Usage procedure for steam room /sauna
February 7, 2007 5:22 PM   Subscribe

Having recently joined "the gym" I'm curious about the funny sauna facilities they have. There's the steam room, the sauna, and then a whirpool tub. What's the proper usage procedure for these things? What's the point?

As far as I can tell they're all intended for old, fat men to sit around naked and stare at the wall. But I assume there's actually some health benefit here, so I'm wondering how to use these things to my benefit. (Like, how long, what frequency, what's the diff?)
posted by sfluke20 to Health & Fitness (16 answers total) 7 users marked this as a favorite
 
I'm pretty sure they're there pretty much to relax after a workout. So they benefit your health insofar as relaxation benefits your health. The hot tub could also be used to ease soreness, I suppose.

So as far as proper usage, well, take a bit of time after your workout to relax. Also, make sure you stay hydrated, because all three of those could easily dehydrate you, which is decidedly bad for your health. And finally, I'm pretty sure icing is actually better for soreness than a hot tub. But someone who knows more about it is free to correct me.
posted by gauchodaspampas at 5:45 PM on February 7, 2007


Some people believe that the sauna and steam rooms are good for you because they make you sweat and so clean your pores. Some people think the steam is good for your lungs, clears out the mucus. Some people think that the heat is good for you because it relaxes your muscles and increases your circulation.

The truth is that working out for fifteen minutes and hanging out in the whirlpool or sauna for 45 minutes is easier and feels better than working out an hour.
posted by Osmanthus at 6:40 PM on February 7, 2007 [2 favorites]


Saunas & hot tubs are relaxing. I LOVED it when the gym I go to had them. Unfortunately due to the Americans with Disabilities Act and a hint of a complaint, they were all removed permanently. But when we did have them, I'd work out for an hour and then kick back in the hot tub for a half hour.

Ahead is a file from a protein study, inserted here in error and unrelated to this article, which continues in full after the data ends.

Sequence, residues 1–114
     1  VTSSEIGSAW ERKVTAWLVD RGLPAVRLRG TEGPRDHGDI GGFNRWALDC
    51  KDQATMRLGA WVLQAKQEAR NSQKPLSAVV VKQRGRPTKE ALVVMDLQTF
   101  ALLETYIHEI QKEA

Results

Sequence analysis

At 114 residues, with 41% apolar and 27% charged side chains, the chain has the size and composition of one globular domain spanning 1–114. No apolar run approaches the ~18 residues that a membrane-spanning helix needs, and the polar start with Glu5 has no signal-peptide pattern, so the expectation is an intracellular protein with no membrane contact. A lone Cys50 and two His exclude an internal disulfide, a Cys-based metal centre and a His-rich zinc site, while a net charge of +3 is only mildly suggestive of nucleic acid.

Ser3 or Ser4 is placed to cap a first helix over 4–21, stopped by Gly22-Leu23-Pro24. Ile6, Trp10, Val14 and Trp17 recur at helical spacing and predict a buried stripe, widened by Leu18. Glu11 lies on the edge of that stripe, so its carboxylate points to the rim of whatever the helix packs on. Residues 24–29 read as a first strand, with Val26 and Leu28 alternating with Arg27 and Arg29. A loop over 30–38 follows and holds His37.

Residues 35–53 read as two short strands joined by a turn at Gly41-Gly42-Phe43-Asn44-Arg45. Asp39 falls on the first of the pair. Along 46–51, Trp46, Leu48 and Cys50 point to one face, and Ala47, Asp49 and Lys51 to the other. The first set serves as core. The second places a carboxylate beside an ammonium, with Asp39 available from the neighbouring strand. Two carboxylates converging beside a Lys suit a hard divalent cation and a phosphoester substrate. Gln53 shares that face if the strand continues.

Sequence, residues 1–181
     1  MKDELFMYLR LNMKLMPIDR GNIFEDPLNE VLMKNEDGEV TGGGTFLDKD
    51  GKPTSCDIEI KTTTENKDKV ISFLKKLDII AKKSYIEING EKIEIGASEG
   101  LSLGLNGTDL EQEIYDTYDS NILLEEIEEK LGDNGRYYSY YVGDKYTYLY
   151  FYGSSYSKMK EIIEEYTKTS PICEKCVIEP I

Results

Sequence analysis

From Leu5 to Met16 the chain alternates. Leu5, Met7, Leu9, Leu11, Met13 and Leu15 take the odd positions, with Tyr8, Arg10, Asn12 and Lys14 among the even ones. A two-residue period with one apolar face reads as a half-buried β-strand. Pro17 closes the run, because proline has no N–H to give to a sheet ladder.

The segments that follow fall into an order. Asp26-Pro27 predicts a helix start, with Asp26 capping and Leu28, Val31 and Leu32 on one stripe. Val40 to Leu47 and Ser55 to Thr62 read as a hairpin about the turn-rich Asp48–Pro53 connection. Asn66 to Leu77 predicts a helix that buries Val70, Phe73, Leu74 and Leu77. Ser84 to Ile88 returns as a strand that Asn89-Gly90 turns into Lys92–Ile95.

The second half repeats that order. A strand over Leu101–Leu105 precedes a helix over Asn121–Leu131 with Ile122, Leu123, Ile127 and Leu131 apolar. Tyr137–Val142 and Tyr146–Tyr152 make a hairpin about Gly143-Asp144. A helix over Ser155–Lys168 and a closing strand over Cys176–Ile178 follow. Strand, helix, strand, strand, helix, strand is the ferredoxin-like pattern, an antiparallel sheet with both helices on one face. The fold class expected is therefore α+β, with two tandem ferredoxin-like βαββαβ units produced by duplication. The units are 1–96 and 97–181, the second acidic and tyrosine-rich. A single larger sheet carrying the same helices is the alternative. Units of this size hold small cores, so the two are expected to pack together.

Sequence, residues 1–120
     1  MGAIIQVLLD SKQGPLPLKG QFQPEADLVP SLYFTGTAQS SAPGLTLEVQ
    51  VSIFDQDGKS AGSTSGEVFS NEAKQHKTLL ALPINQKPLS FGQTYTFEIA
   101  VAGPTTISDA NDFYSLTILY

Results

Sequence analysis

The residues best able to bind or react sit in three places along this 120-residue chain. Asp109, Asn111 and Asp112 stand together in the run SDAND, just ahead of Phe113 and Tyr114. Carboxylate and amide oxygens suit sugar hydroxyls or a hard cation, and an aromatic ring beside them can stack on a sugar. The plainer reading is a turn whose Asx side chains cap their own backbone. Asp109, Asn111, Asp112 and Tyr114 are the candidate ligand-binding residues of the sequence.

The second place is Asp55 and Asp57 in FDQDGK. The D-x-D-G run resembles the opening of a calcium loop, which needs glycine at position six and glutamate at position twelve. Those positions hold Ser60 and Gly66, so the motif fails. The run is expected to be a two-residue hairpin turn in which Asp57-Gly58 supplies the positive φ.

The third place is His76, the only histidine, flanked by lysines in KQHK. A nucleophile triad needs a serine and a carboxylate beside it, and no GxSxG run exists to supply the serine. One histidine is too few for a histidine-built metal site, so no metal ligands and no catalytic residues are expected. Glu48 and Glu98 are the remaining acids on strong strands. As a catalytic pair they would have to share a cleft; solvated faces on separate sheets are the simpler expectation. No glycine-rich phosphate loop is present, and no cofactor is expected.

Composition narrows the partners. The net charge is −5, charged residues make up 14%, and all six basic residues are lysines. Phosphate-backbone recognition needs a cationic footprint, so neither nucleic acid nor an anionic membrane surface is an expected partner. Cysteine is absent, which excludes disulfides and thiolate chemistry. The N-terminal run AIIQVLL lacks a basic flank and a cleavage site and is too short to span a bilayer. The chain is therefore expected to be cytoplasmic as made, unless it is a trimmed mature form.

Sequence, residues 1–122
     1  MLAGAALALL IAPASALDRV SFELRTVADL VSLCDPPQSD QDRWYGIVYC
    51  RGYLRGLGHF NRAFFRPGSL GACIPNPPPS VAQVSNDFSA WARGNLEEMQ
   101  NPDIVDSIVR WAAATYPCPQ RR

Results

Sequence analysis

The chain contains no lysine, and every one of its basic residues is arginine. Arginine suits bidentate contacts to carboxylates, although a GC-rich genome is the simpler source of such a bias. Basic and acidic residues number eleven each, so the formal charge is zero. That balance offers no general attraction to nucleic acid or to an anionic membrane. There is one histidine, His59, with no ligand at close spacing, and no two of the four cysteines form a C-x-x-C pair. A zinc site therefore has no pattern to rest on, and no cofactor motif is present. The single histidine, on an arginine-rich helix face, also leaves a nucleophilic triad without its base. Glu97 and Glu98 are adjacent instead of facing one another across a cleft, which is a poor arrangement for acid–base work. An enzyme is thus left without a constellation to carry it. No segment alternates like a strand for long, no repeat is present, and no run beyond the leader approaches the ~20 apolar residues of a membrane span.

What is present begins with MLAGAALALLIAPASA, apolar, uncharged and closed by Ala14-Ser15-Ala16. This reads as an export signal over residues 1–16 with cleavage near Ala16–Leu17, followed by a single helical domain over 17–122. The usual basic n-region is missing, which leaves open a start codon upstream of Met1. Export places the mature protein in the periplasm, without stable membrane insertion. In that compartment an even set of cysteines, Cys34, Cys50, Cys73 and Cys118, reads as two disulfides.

Sometimes when it was cold out, I'd go down there and use the sauna or the hot tub.

It's generally safe to use a hot tub a few times a week, but according to the placards that were on the wall you shouldn't exceed 30 minutes in a sitting.
posted by drstein at 6:58 PM on February 7, 2007


I'm pretty sure icing is actually better for soreness than a hot tub.

More or less, yes.

But a hot tub just feels good, which is its own kind of therapy.
posted by frogan at 7:20 PM on February 7, 2007


I've been in saunas and steam rooms and found them very enjoyable. I therefore submit that they're there because people like using them. I don't know that there's any specific health benefit (though lots of people will probably tell you there is).
posted by !Jim at 8:11 PM on February 7, 2007


Thanks everyone.

Ok, so, for example: the steam room. Various places on the web say that a 5-15 minute stay is all you should do. But after you leave, should you take a cool shower right away, or let yourself cool down first? If you cool down, can you go back in and "relax" some more? Or would you totally blow out your system or something? (Assuming appropriate re-hydration.)
posted by sfluke20 at 9:02 PM on February 7, 2007


Saunas in sport facilities are usually next to useless. A sauna should be hot, very hot, around 90 degrees Celsius, 190 F. But because the air is dry the sweat you produce has a cooling effect and you can actually endure that heat for a minute or ten, fifteen. After that you should cool down by taking a plunge in cold water or taking a cold shower. The cooling down is important. Wait half an hour, then get your circulation going again by taking a hot foot bath. Having good circulation is important because it enables your body to cool. Then you can do another round of sauna and cooling down. Repeat, lather, rinse.

If you can stay in a sauna for half an hour, the sauna is not hot enough. Also sports facilities usually lack a place where you can properly cool down.

Saunas are originally Finnish and there the cooling down is done by jumping nekkid into a frozen lake or rolling in the snow. A very nice experience that surely makes you feel alive!